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Mozart | Cosi Fan Tutte

Laugh at love, old man, for you and I both know that women are all the same.
But don't say your heart isn't moved when I sing of love...

Mozart's opera about testing fidelity is an intriguing story set to music of impossible beauty. Two men disguise themselves as Albanians and attempt to seduce each other's lover in an elaborate ruse to win a bet. Absurd? Yes, but Mozart's luminous music takes the absurd and makes it sublime.

Come along for a merry ride and you’ll see that under that veil of farce is a poignant drama about love, faith, loss and sex.

Director David McVicar delivered profound and acclaimed productions of Don Giovanni and The Marriage of Figaro, so we're excited to see what he has in store for this final instalment of the Da Ponte trilogy.

Jonathan Darlington returns to conduct a cast of Opera Australia's finest talents, along with American tenor Charles Castronovo, who makes his Australian debut.

Introduction by David McVicar

"Così fan tutte!" (All women are the same!); so believes the cynical old philosopher Don Alfonso and his reckless young friends, the officers Guglielmo and Ferrando agree to put his theory to the test, participating in an elaborate charade, attempting the seduction of each other's fiancees, the sisters Fiordiligi and Dorabella. The four young people soon discover more about each other, themselves and life itself than any of them have bargained for.

Mozart's bitter-sweet romantic comedy was his final collaboration with the greatest of his librettists, Lorenzo Da Ponte, following the triumphant successes of The Marriage of Figaro and Don Giovanni. Premiered in 1790, just one year before Mozart's death, it was also a huge hit; but the sudden death of the Austrian Emperor Joseph II curtailed performances and Mozart's own death the following winter put paid to any immediate revivals. It was not until the early 20th century, with notable productions in Vienna under the direction of Gustav Mahler and at Glyndebourne in 1934, that the public began once again to appreciate a work, dismissed in the 19th century as immoral, disgraceful or even worthless.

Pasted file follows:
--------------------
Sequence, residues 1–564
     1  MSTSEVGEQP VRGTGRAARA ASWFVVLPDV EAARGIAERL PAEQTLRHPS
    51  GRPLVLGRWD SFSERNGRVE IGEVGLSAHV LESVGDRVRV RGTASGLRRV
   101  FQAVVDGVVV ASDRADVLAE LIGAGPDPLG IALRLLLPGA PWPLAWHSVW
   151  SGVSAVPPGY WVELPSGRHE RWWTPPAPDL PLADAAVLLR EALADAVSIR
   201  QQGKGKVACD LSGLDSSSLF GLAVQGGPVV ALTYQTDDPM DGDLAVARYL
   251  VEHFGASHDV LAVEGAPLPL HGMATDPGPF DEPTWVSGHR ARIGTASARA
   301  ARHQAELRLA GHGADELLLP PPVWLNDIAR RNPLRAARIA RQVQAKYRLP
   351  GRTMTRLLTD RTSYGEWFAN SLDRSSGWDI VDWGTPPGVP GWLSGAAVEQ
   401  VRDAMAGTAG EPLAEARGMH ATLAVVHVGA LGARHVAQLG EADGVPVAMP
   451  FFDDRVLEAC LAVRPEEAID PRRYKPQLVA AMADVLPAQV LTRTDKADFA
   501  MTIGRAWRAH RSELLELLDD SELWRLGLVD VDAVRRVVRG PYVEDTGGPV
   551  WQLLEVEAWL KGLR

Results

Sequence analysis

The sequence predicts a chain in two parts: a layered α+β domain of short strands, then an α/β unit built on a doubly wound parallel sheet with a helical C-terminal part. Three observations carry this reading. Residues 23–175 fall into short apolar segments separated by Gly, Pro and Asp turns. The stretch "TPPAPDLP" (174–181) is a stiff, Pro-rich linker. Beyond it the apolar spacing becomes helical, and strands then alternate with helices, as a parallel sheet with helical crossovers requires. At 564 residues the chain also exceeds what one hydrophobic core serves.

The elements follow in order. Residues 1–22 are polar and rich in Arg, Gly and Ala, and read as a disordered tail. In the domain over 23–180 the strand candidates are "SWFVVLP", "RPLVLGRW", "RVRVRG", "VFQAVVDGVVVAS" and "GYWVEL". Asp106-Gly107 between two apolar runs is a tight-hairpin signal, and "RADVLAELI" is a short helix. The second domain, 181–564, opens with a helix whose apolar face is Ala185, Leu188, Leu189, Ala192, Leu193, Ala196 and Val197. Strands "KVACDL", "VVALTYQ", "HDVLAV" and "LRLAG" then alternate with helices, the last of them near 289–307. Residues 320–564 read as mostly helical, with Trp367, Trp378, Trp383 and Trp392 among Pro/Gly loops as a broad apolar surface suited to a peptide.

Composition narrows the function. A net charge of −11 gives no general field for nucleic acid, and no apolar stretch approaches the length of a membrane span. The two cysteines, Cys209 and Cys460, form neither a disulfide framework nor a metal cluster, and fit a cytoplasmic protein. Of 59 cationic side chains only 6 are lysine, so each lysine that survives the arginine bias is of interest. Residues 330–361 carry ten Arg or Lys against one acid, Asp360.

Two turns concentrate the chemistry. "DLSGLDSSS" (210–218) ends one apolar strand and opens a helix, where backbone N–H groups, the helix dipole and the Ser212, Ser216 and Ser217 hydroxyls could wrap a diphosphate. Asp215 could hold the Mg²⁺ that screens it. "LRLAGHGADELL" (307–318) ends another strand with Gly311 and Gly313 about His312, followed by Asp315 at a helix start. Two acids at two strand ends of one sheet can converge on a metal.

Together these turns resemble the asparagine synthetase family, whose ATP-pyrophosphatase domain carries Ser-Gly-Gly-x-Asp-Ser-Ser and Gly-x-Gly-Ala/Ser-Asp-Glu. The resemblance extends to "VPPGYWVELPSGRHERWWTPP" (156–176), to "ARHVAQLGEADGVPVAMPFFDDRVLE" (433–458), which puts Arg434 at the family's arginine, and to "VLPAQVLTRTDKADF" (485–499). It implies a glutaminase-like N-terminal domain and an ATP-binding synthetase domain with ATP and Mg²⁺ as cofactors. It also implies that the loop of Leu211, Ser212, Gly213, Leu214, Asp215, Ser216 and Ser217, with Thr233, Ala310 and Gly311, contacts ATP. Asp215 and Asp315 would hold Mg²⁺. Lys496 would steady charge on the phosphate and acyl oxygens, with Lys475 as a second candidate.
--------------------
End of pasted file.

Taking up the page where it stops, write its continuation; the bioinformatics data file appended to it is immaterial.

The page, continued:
The questions the opera poses to an audience are today even greater and possibly more disturbing. Often played in the past as an all-out farce, the subtle mix of sexual politics, heart-break, loss and pain that are inherent in the final masterpiece of Mozart and Da Ponte are more relevant today than ever before.

The new production sets this most troubling and ambiguous of operatic comedies in the dying days of a Europe about to lose itself in the carnage of the First World War. The ravishing costumes of the early 1900's are bathed in the late summer light of an age of innocence and elegance on the brink of being shattered, as the lives of the four lovers in the comedy ultimately are.

Show Dates:

  • Tues 19/7/16 : 7.30pm
  • Fri 22/7/16 : 7.30pm
  • Mon 25/7/16 : 7.30pm
  • Wed 27/7/16 : 7.30p
  • Sat 30/7/16 : 7.30pm
  • Fri 5/8/16 : 7.30pm
  • Thur 11/8/16 : 7.30pm
  • Sat 13/8/16 : 7.30pm